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FALSE SPIDER MITES

Steven D. Frank and S. Bambara, Extension Entomologists

CAUTION: This information was developed for North Carolina and may not apply to other areas.
[General Information] [Biology] [Control] [Other Resources

FALSE SPIDER MITES, Tenuipalpidae PROSTIGMATA

General Information

mite close upFalse spider mites are flat and orange to red with black spots and the group is comprised of several different species. The adult mite is small (about 0.3 mm) and has a genital opening. Tenuipalpus mites are broad in the middle and narrow behind. Pentamerismus mites are elongate and orange. Brevipalpus mites are strongly textured on top.

The eggs are somewhat flattened and red, and are sometimes ridged. False spider mite larvae are the size of the eggs and only have six legs at this stage. The protonymphs resemble adult mites in shape and have eight legs. The deutonymph, the last stage before the adult, is as large as adult false spider mites and it has eight legs. But this stage has no genital opening.

Biology

mites on leafFalse spider mites are found throughout North America, parts of Europe, South Africa, and Australia. The family is considered to be cosmopolitan. Various species of false spider mites feed on a variety of ornamental, fruit, and vegetable crops. The phalaenopsis mite (Tenuipalpus pacificus) and the oncidium mite (Brevipalpus oncidii) are fairly specific for orchids. Another false spider mite, Tenuipalpus orchidarum, also feeds on orchids. The red and black mite (Brevipalpus phoenicis) has been collected on greenhouse palms, privet, citrus, and English walnut and many other plants. The omnivorous mite (Brevipalpus californicus) and the privet mite (Brevipalpus inornatus) feed on a variety of woody ornamental plants. The privet mite is common in the southeastern United States. Another false spider mite, Pentamerismus erythreus, has been collected on a variety of coniferous host plants: arborvitae, Juniperus, sequoia, spruce, and Chamaecyparis.

With their needle-sharp mouthparts, false spider mites puncture the epidermis of the host plant and suck out the juices. This causes a pale spot which may later turn brown. Infested shrubs slowly turn reddish-brown and appear to have "winter injury". This damage resembles that of spider mites but the onset of symptoms is much slower.

Female false spider mites lay eggs which take 20 to 21 days to hatch at room temperature. Larvae hatch from the eggs and feed for about two weeks before molting into protonymphs. After 15 days of feeding, the protonymphs molt into deutonymphs. Two weeks later, the deutonymphs molt into adult mites. Incubation and development are slower outdoors in cold weather. There are 4 to 6 generations per year (18 to 36 generations of spider mites per year).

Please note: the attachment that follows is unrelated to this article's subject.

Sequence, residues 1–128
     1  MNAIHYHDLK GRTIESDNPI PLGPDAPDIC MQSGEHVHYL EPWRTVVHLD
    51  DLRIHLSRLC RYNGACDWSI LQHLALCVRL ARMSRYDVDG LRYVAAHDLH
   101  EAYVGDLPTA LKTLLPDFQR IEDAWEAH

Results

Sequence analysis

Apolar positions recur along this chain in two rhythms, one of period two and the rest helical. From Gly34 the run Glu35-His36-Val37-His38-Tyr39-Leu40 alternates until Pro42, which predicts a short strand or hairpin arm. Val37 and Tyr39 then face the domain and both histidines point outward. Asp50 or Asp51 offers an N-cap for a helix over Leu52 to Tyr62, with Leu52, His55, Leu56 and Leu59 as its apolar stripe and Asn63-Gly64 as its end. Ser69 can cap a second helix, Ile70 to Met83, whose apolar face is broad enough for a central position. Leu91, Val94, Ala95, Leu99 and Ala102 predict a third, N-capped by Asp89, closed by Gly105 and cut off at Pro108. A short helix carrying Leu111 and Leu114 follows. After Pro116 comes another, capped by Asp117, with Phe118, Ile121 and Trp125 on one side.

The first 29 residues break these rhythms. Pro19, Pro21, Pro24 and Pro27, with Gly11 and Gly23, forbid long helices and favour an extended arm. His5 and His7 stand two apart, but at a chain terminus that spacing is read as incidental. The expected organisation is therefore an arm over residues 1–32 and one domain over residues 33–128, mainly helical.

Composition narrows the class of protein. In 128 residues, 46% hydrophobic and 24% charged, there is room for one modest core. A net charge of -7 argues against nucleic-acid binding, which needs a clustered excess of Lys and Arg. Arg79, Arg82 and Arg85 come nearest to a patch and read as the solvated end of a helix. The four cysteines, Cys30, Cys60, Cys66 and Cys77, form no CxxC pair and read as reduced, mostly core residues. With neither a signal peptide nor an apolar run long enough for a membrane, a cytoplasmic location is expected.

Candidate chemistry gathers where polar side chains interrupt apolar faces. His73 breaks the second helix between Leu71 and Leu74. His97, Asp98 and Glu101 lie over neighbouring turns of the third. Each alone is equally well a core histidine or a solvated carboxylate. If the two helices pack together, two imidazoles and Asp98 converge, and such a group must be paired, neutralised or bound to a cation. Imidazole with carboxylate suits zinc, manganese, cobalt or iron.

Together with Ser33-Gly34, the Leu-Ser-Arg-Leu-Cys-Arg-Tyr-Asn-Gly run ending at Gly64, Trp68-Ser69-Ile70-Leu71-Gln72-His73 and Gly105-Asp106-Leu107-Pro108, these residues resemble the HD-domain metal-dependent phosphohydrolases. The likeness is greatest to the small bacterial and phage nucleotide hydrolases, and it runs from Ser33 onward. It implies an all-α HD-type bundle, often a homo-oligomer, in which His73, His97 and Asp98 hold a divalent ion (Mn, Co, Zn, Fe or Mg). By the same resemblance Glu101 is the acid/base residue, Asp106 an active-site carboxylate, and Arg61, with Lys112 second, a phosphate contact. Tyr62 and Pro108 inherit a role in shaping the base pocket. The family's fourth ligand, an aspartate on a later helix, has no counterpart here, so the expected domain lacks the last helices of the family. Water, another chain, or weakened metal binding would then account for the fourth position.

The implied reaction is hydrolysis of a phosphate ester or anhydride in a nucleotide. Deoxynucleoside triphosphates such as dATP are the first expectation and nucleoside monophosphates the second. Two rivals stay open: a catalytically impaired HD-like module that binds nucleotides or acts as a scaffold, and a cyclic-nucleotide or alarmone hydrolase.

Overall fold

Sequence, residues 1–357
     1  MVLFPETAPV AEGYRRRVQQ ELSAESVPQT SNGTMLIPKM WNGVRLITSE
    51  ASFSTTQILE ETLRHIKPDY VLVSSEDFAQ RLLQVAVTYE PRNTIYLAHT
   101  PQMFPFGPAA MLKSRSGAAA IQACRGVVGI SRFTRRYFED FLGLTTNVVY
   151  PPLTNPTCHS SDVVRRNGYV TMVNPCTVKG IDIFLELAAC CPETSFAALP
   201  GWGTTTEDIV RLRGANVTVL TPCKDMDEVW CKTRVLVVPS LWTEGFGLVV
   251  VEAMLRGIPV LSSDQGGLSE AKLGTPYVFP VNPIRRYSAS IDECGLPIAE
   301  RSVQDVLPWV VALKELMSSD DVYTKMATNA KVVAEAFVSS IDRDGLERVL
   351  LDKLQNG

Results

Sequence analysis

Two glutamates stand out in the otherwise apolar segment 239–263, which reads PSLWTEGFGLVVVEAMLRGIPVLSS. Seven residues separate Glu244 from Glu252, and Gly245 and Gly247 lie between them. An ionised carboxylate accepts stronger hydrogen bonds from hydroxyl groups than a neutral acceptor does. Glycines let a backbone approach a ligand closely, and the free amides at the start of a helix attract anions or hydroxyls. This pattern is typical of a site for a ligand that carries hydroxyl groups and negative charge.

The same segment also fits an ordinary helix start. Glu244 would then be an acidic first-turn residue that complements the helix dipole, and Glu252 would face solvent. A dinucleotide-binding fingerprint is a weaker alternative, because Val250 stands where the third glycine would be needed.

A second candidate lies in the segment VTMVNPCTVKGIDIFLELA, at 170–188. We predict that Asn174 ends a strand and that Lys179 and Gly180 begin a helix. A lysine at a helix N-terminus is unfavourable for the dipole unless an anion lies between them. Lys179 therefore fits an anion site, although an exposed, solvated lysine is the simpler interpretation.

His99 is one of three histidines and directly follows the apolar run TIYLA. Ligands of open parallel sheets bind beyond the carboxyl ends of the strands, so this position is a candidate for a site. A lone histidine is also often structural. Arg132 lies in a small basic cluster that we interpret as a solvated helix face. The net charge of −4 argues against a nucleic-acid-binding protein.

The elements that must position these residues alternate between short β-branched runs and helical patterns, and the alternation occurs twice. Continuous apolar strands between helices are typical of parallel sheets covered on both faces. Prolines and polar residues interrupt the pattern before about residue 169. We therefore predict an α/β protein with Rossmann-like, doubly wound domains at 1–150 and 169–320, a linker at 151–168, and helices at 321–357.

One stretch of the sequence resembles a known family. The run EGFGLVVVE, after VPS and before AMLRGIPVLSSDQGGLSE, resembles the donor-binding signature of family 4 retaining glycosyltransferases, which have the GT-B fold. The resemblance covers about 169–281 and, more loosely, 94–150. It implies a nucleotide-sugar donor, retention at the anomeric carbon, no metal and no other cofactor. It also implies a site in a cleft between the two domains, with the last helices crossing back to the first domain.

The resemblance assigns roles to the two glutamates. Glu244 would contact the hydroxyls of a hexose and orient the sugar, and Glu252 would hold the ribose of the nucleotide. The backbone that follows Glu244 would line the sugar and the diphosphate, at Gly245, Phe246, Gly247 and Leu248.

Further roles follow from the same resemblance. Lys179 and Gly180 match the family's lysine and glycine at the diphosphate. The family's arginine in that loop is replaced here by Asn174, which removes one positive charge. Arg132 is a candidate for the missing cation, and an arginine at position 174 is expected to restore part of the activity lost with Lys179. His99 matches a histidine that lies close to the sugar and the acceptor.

Control

Several pesticides are labled for "mite" control. Most false spider mites feed on the lower leaf surface so that the pesticide spray must be directed upwards to contact the mites. The following pesticides are suitable for home use. Use only one of the following products.

Be sure to read and follow the directions for safe application found on the label.
 

Pesticide  (Trade Name)  Comments 
*fluvalinate (Mavrik)  
*horticultural oil (Sunspray, Ultra Fine, others)  
*soap (Insecticide Concentrate, M-Pede, others)  
abamectin  (Avid) tends to work better in combination with hort oil
bifenthrin (Talstar)  
disulfoton (DiSyston) granular (many uses discontinued)
pyridaben (Sanmite) greenhouse and nursery
spiromesifen (Forbid) 4F Outdoor landscapes only
spiromesifen (Judo) Greenhouse and Nursery
* Suitable for home use.

Useful Links: Floricultural mites in Canada


Recommendations of specific chemicals are based upon information on the manufacturer's label and performance in a limited number of trials. Because environmental conditions and methods of application by growers may vary widely, performance of the chemical will not always conform to the safety and pest control standards indicated by experimental data.
Recommendations for the use of chemicals are included in this publication as a convenience to the reader. The use of brand names and any mention or listing of commercial products or services in this publication does not imply endorsement by the North Carolina Cooperative Extension Service nor discrimination against similar products or services not mentioned. Individuals who use chemicals are responsible for ensuring that the intended use complies with current regulations and conforms to the product label. Be sure to obtain current information about usage and examine a current product label before applying any chemical.
For assistance, contact your county North Carolina Cooperative Extension Service agent.

Other Resources

Published by North Carolina Cooperative Extension Service
Distributed in furtherance of the Acts of Congress of May 8 and June 30, 1914. Employment and program opportunities are offered to all people regardless of race, color, national origin, sex, age, or disability. North Carolina State University at Raleigh, North Carolina A&T State University, U.S. Department of Agriculture, and local governments cooperating.
© 2001 NC Cooperative Extension Service

Originally prepared by: James R. Baker & S. Bambara, Extension Entomologists
ENT/ort-47 September 1994 (Revised)May 1997

Web page last reviewed January, 2011 by the webperson.